And the very God of peace sanctify you wholly; and I pray God your whole spirit and soul and body be preserved blameless unto the coming of our Lord Jesus Christ.
1 John, Chapter 3, Verse 6, English Standard Version
No one who abides in him keeps on sinning; no one who keeps on sinning has either seen him or known him.
VERSES ARGUING AGAINST PERFECTIONISM
Matthew, Chapter 6, Verses 12
And forgive us our debts, as we forgive our debtors.
7, Verses 18-19
For I know that in me (that is, in my flesh,) dwelleth no good thing: for to will is present with me; but how to perform that which is good I find not. For the good that I would I do not: but the evil which I would not, that I do.
1 John, Chapter 1, Verses 8-10, New American Standard Version
If we say that we have no sin, we are deceiving ourselves and the truth is not in us. If we confess our sins, He is faithful and righteous to forgive us our sins and to cleanse us from all unrighteousness. If we say that we have not sinned, we make Him a liar and His word is not in us.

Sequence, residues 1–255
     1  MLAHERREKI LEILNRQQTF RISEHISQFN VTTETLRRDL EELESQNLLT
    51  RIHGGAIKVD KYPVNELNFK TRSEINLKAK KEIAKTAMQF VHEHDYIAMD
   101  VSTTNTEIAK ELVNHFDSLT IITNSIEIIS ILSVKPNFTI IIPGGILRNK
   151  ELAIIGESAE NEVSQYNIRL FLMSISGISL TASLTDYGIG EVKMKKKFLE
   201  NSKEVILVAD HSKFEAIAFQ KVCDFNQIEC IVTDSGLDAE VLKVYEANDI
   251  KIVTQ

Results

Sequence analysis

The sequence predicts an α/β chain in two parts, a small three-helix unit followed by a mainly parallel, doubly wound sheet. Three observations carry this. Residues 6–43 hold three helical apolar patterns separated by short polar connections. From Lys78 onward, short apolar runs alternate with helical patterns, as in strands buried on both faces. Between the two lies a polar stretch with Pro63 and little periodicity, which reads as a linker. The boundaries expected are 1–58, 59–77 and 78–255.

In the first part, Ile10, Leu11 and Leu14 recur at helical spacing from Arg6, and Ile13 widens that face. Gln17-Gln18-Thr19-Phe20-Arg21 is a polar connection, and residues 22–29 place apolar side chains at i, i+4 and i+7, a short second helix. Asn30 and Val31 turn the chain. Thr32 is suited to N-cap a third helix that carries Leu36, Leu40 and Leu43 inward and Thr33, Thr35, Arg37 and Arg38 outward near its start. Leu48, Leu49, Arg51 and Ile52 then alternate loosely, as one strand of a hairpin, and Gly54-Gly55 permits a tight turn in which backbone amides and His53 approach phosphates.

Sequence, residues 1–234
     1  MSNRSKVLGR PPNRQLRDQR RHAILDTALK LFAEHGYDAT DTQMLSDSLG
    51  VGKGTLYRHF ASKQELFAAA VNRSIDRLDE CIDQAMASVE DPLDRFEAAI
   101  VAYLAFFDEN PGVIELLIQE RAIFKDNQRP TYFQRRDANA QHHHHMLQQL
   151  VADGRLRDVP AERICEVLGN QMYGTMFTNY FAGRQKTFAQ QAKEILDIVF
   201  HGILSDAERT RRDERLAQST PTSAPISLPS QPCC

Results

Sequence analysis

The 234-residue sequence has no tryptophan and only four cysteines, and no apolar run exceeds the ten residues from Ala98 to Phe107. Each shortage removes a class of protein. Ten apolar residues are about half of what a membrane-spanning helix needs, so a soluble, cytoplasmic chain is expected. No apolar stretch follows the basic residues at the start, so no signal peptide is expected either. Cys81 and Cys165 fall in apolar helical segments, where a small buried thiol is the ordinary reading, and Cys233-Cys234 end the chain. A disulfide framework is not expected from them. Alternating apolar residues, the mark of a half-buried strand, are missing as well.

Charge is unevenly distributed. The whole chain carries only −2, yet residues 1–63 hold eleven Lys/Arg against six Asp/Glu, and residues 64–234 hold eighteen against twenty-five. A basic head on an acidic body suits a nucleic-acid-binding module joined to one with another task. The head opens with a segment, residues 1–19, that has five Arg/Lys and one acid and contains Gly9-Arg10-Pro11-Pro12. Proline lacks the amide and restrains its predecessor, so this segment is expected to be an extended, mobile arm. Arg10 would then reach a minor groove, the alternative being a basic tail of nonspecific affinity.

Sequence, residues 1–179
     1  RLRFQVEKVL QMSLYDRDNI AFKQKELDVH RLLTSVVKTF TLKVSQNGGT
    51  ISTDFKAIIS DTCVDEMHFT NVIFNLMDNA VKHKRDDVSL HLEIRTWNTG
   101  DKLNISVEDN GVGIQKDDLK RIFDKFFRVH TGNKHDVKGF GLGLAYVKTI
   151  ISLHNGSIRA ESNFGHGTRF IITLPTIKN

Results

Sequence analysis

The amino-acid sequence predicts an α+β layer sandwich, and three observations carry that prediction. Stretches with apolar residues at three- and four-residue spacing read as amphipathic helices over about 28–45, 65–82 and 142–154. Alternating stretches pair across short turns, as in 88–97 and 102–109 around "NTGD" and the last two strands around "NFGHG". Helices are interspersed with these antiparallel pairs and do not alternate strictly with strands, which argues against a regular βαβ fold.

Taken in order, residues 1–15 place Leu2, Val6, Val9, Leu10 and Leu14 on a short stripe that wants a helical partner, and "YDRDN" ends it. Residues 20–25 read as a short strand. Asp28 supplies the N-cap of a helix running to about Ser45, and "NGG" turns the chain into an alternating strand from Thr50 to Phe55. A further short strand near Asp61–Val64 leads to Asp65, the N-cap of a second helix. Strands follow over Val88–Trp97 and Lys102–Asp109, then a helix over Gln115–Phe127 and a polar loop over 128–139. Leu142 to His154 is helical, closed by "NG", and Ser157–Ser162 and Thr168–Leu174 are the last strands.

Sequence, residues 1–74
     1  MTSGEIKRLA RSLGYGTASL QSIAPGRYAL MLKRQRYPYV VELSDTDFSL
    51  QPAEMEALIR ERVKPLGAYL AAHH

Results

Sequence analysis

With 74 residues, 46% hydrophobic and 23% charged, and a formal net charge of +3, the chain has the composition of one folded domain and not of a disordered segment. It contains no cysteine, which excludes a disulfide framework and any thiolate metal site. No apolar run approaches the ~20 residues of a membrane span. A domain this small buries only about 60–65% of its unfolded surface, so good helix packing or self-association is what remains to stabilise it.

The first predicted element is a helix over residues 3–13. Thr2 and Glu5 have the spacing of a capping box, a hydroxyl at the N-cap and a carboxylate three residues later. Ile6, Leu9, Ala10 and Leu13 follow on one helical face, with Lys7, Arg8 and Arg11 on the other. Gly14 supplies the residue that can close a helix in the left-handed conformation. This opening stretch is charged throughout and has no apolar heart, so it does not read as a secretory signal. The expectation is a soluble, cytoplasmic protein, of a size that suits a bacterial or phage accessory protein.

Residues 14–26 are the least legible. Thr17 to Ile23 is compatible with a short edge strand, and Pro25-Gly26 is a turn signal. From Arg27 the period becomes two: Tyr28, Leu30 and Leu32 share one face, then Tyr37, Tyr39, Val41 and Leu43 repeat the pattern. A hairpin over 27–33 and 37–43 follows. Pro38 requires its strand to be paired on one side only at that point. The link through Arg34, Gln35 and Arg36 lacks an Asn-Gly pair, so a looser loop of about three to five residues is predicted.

Also in Matt 5:48 the Greek word (teleioi) does not mean “flawless” or “spotless”, but rather “complete.” Being complete does not mean being completely free from sin. No one for example completely possesses all attributes of the fruits of the spirit mentioned in Galatians 5:22-23. But we are to strive to possess them to the full. Jesus nor Paul ever intended that we would reach perfection in this life, but that we were to continually strive for perfection. When Paul left this earth he spoke as if he were running a race and fighting a fight (2 Tim 4:7). If Paul was completely free from sinning, then there would be no need to be running a race, since Paul would have already won the race. All Christians are running a race, and none have arrived at complete perfection. Also scripture portrays the great men and women of the past as sinners. For the list of those in the Hall of Fame is in Hebrews 11. Its interesting to note that Samson is included in the list of the great saints. Samson was not exactly “perfect” and sinned against the Lord much during his life, yet he is included in the list of the great saints. It was not his works that saved him, but his faith.